There are still deals to be done even in "difficult" sectors

Its often said that the reason lots of deals are still happening in uncertain times is down to the liquidity in the system, and those companies being in good sectors. Conversely if asked many investors and advisors will tell you the retail and construction are "difficult". So it's heartening to report that there's always cream at the top of the milk bottle and that deals are still to be done in "difficult" sectors provided you're working with really good businesses.

Specifically I'm pleased to look back on two recent deals we've completed over the summer at PEM Corporate Finance, the sale of English Architectural Glazing and the sale of ATP Architects + Surveyors.

We acted as lead advisers to the shareholders of English Architectural Glazing.  Based in Mildenhall in Suffolk and Attleborough in Norfolk, this is one of the UK's leading contracting businesses providing envelope cladding packages for project such as Great Ormond Street Hospital, Wimbledon Centre Court, DLR Station City Airport and the BBC TV Centre conversion. Their clients include the great and the good of UK construction such as Kier, BAM and Skanska. The business was sold to Irish Private Equity Fund Elaghmore LLP. This deal closed in August.

A couple of months later we were pleased to announce the sale of ATP Architects + Surveyors to RSK. ATP, which is based in Ilford in Greater London,  is a multi-disciplinary professional consulting firm, and its purchase was RSK's 7th deal so far this year. ATK, which was established in 1966 provides the complementary services of landscape design, interior design, space planning, employers’ agent, and health and safety. It works with a broad range of clients such as Barratt London, Sanctuary Housing Association and Hollybrook Homes.

We've not done anything in retail recently - but are always keen to speak with good businesses and to help shape their exit plans.

More on our website  about the EAG and ATP transactions.

 

 


More Potential Buyers than Willing Sellers - M&A Activity set to increase in 2010

Can one plus one ever equal three?  Yes it can.  If you are selling your business - find a strategic buyer which will enjoy synergies from combining the businesses and which knows it is in competition to buy and you can maximise value and share in the marriage value. 

One plus one equals three What are the chances of pulling this off in the current climate?  Most recent surveys of corporate opinion show that firms are far more likely to engage in M&A activity over the coming year.  E&Y found 57% were more likely to make an acquisition while within BDO’s rather more “gung-ho” sample 80% felt the same.  Regardless of numbers it’s quite clear that there is a much greater appetite for deals this year.

Deals will be concluded by strong businesses with clear strategic intent, although some of those surveyed did admit to opportunism as a motivator and to being on the look out for bargains.  The biggest hurdle is likely to be discrepancies between buyer and seller valuation expectations – however as the market improves, and the volume of transactions increases, this is likely to even out.

There is evidence that strategic acquirers who have been deferring M&A activity while profitability recovers are now sitting on their largest cash reserves in recent years.  Add to this Private Equity investors who also have cash to burn before the time expiry of funds with a finite end date and you have a much better prognosis for those seeking to sell their business than for many months.  The return of strategic buyers and increased competition should drive an increase in activity and valuations.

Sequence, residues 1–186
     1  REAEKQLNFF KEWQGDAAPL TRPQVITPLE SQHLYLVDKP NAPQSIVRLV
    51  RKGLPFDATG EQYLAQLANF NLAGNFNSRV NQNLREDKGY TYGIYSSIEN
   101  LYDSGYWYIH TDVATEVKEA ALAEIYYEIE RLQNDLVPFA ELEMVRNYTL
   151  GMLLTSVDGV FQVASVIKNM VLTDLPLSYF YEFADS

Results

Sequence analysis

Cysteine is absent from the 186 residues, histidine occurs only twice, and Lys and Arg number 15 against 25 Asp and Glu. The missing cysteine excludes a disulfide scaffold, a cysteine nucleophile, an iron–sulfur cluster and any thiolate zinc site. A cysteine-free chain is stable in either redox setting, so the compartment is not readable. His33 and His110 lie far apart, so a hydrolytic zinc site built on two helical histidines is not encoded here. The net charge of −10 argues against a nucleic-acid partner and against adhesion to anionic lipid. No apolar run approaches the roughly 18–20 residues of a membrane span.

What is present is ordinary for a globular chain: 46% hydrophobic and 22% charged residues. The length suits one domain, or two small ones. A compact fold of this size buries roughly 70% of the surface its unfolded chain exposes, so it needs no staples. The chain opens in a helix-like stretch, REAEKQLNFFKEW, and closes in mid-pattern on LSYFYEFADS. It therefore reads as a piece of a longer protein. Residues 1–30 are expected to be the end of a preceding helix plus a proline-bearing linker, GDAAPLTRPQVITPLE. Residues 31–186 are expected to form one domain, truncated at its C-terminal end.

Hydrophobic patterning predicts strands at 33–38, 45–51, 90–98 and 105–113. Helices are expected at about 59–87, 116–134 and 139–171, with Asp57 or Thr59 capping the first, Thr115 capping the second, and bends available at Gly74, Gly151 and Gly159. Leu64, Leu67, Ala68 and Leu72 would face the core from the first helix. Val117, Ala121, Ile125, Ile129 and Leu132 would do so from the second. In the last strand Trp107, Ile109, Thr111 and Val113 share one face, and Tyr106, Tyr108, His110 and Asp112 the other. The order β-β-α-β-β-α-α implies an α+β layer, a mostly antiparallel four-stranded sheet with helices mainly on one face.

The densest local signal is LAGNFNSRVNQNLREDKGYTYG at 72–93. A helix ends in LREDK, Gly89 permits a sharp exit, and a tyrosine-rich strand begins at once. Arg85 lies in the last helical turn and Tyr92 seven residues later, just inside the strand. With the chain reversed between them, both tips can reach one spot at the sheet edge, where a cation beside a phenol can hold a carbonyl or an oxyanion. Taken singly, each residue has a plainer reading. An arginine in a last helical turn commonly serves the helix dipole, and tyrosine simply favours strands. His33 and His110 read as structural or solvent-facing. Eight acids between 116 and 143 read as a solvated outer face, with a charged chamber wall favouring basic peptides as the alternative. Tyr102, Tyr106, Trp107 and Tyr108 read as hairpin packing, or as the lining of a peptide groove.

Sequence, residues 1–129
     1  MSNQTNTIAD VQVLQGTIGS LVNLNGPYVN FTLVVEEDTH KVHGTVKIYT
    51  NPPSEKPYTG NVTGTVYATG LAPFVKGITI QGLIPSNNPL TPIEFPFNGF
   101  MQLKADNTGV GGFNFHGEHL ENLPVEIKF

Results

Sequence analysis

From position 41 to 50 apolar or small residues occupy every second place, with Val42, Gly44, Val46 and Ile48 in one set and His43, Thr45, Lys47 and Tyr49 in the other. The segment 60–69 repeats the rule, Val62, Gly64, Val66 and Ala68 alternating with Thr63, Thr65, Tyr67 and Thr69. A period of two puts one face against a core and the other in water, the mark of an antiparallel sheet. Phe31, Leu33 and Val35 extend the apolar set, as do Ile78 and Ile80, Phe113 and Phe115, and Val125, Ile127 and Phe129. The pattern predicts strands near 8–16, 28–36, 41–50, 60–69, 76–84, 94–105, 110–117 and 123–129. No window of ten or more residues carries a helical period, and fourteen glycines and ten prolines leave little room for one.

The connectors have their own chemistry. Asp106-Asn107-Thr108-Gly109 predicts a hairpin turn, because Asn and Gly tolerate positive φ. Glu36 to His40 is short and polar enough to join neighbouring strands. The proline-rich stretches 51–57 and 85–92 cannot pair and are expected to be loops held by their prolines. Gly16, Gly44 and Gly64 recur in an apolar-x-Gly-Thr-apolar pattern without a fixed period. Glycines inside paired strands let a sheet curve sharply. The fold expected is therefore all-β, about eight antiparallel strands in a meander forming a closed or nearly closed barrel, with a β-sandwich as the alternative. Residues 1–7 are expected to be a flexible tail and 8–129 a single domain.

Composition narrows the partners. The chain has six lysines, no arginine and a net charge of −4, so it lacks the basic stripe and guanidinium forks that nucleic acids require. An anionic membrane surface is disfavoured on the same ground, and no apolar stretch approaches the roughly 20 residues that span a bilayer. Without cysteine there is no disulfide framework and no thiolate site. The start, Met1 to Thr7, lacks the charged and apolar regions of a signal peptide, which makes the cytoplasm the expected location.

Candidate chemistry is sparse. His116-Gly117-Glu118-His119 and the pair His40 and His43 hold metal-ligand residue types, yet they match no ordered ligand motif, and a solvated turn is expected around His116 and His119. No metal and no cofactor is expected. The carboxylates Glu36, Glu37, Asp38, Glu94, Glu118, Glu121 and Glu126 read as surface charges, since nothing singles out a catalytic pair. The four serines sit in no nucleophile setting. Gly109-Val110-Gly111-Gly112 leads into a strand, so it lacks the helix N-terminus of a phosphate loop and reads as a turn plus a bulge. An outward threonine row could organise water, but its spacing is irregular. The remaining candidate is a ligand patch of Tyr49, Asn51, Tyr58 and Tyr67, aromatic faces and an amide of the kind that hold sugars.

The ability of purchasers to fund deals from their own cash resources is still a key factor – for example Corpfin found that the majority of UK deals in April 2010 were funded by buyers existing cash resources.  However they also found that the second largest source of funding for such deals was bank debt.  So liquidity is once again available for the right deals.

Owner managers who have been planning an exit but have had to put their plans on hold during the financial crisis can now start planning for exit.  Now is the time to consider grooming the business for sale in the short or medium term.  Now is the time to give consideration to the preparation of an exit strategy – which should cover the following issues:

· What are the personal or corporate objectives of the owners?

· What’s the business worth now?

· At what valuation would the owners be prepared to sell?

· What are the prospects for the business?

· What drives value in the business?

· What will a likely potential buyer for the business look like?

· How must the business look to maximise sale value in the future?

· What could get in the way of an exit or reduce future value?

At PEM Corporate Finance we have seen a marked increase in the number of enquiries from businesses planning for exit.  And there is also plenty of appetite from local businesses to make acquisitions – we have recently advised the purchaser in transactions such as the purchase of ISIS Fertility by Bourn Hall Clinic, the acquisition of Elmy Landscapes by Flora-tec and the MBO from Stratech Scientific of Molecular Dimensions.   

If you are exit planning it’s worth getting an outside opinion on the valuation of the business, and on opportunities to groom it in order to increase exit value.  Grooming is aimed at closing the gap between the current value of the business and the target exit valuation.  It should avoid the risk of a sale at undervalue.